Time for the million Minnesotans who drink Mississippi River water to weigh in…

 

Sally Jo Sorensen, an insightful blogger with deep rural roots,  provides needed background for an issue that will turn out to be one of the most contentious in this state: solving the problem of farm chemicals polluting Minnesota’s drinking water. THIS IS NEW. Until now most of the discussion about water pollution has been confined to lakes, rivers, and streams so the impact, while important, has not been seen as pressing.

In her blog, Sorensen doesn’t pull any punches when she comments on the response of rural legislators to an update to part of the Department of Agriculture’s proposed nitrogen fertilizer rule. They said, “no one listens to us.” Sorenson notes that they always talk about how much they want clean water and calls out their “Orwellian talking points.”

Agricultural chemical interests want people to believe that no urban or suburban legislator has a right to weigh in on the drinking water issue.

But the Mississippi River is the drinking water source for a million Minnesotans. The Crow River, contaminated by agricultural chemicals, enters the Mississippi just 20 miles north of the drinking water intakes for Minneapolis and St. Paul, drinking water suppliers for many suburbs as well as their own residents. And there is no useful source water protection plan for the Mississippi.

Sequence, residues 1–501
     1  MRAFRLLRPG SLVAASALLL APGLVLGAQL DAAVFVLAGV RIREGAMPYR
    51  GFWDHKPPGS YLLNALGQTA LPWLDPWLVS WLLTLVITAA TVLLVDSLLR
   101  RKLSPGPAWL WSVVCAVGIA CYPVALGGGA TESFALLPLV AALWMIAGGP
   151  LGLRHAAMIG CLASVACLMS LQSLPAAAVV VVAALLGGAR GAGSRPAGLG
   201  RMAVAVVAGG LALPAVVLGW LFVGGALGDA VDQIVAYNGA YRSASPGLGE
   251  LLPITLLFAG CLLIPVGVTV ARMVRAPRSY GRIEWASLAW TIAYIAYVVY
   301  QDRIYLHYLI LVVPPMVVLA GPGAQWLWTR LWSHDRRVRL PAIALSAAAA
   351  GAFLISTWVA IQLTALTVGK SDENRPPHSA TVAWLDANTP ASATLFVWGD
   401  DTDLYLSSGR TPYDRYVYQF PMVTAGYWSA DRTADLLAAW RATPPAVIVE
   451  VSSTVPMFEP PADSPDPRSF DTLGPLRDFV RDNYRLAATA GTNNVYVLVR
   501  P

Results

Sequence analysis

Further no state agency routinely tests river water specifically for drinking water contamination even where the river is the source water for drinking water. Source water needs to be tested in order to understand what must be checked in finished water and to prevent contamination. Other states protect their cities drinking water sources when the sources are surface water so there are models Minnesota can adopt.

Those of us who drink Mississippi River water must weigh in.

Inquiring minds are asking “where was our Department of Agriculture?”

Minnesota Public Radio reports that Minnesota’s own General Mills announced that they will be creating South Dakota’s largest organic crop farm to supply all the wheat it needs for its popular macaroni and cheese.
It has been clear for years that General Mills would need new sources for organic ingredients to meet consumer demands. Inquiring minds are asking why didn’t Minnesota’s Department of Agriculture make sure that this farm with all the anticipated local benefits landed in Minnesota.